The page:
Combat was simplistic, but also a chore in Spider-Man (2002) and here things are expanded upon with experience that can be gained from levels that can be used to buy power-ups and combos between levels, but they add little. I avoided buying any new moves and instead saved up for increase health, damage and movement speed which I accomplished pretty early. I only bought new moves towards the end of the game because I had built up points with nothing to spend them on. Spider-Man 2 axes the multiple web projectile types from the first game and I ended up using my projectile attack even less in Spider-Man 2 anyway. Unlike Spider-Man (2002), there wasn’t a boss in this game that you needed your webbing to beat.

Bosses didn’t offer any meaningful challenge in Spider-Man (2002) and I’m sad to say they don’t here either. Other than the Rhino who like always you have to get to run into a wall, the other villains, this time made up of Mysterio, Lizard, Puma and Doc Ock either have cheap exploits or you just spam attack until their life meter is draining, a strategy I employed for the final boss of the game. Like the first game also, collision detection in combat feels off, and until you get the increased damage ability, it’s best to avoid enemies unless you’re trapped in a room where you must fight in order to proceed. Otherwise you’re just mashing attack with no real feeling that you’re doing any damage while your power meter falls.

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One of the more impressive aspects of the first movie Spider-Man GBA game was the pseudo 3-D bonus stage which is greatly expanded upon here in what I feel was the developer trying to have some form of parity with the console game, but the handheld just wasn’t meant to do this type of rendering. In the first game you were stuck high above the city at night-time swinging and gathering balloons, but in Spider-Man 2, you can go from street level, to the tops of buildings and even wall crawl up buildings. Other than one stage where you have to chase Doc Ock, something that should be more dramatic but it’s best to just run on the ground as opposed to web-swing, the only thing you really do in these stages is collect spider-emblems and go to your next mission point. While I admire Digital Extremes for making this work even at the level it does, this aspect of the game should have either been reduced or eliminated all together. The game runs so slowly in the 3-D stages and everything looks like it’s having do much difficulty trying to render that it also looks ugly as well. There’s no death states in this part of the game, so there’s that, but other than it being impressive to look at because it’s on the GBA, it doesn’t add anything.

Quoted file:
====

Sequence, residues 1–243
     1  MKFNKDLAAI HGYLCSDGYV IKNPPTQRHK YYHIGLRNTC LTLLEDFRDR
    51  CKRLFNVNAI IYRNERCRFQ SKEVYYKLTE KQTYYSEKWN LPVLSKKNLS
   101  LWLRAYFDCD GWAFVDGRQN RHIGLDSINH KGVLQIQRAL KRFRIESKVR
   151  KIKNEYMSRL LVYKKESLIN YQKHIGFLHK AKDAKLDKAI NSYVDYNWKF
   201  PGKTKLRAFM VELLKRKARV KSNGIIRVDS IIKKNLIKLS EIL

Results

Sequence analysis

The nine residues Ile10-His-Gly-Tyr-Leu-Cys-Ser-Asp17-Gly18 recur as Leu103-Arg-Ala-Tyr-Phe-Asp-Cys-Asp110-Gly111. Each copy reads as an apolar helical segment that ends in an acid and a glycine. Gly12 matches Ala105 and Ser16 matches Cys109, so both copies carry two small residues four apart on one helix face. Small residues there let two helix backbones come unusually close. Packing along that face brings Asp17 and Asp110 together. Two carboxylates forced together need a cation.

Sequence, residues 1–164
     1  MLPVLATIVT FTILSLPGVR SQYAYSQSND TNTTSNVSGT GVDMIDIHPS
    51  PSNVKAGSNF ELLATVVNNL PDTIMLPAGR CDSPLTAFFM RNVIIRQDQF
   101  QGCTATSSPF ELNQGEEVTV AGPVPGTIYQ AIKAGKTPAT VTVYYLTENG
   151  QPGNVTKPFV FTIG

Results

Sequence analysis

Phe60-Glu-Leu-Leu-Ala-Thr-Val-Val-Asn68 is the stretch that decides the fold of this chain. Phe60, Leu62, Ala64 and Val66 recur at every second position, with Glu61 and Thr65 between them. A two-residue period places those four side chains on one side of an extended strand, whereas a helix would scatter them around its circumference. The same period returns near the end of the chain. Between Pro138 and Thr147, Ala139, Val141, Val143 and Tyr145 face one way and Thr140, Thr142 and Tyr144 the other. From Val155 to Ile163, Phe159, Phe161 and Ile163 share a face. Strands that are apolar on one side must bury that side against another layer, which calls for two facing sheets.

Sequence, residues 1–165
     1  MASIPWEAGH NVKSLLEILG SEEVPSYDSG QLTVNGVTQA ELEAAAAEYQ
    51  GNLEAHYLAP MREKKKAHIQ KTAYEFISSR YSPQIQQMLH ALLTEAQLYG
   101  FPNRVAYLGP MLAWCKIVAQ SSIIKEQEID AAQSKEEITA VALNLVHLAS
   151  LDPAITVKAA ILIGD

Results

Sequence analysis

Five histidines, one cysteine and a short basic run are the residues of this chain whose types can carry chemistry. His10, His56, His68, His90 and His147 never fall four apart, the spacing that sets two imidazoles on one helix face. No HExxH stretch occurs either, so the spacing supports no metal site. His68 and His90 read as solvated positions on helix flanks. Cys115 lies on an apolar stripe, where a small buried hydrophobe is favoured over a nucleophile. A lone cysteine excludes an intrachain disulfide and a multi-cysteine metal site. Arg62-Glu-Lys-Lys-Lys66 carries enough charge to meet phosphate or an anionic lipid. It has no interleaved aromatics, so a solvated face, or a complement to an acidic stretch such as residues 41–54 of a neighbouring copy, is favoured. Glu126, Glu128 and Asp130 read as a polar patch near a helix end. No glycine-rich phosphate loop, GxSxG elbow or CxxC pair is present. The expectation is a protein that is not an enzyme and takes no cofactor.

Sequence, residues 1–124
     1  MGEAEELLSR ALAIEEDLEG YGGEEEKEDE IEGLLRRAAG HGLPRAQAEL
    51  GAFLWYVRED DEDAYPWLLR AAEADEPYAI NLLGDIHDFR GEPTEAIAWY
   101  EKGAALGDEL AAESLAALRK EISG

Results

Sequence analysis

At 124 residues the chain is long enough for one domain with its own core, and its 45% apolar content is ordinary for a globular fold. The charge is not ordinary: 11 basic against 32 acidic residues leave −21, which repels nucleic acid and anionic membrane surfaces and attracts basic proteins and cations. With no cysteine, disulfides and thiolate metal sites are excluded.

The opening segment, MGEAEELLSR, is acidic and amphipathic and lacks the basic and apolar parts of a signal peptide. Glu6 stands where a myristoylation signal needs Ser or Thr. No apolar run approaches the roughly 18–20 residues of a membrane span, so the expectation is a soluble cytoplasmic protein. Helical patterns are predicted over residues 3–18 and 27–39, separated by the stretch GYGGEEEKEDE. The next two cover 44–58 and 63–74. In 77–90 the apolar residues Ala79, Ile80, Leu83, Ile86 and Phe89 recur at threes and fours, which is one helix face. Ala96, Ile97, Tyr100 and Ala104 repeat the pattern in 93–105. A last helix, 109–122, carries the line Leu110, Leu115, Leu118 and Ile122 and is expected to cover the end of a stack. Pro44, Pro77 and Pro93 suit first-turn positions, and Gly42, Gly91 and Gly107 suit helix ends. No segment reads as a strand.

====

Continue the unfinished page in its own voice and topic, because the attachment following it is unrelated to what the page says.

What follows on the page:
Spider-Man 2, like the first movie Game Boy Advance game, isn’t a bad game, and while it corrects a few of the problems of predecessor, it doesn’t fix all of them and what you’re left with is just a slightly above average movie game. Some of the levels are creative, as are some of the new traversal mechanics, but everything still doesn’t feel as precise as what it could be and in a 2-D game, that’s very important. I admire Digital Extremes’ talented staff who were able to pull off a semi-open-world on the Game Boy Advance, however this section of the game comes off as more of a tech demo above anything else. Not the worst Spider-Man game by a long shot, but there’s a much better portable game that carries the name Spider-Man 2. 

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One thought on “REVIEW: SPIDER-MAN 2 (GAME BOY ADVANCE)

  1. Pingback: THE WORST AND BEST SPIDER-MAN MOVIE VIDEO GAMES | Comic Gamers Assemble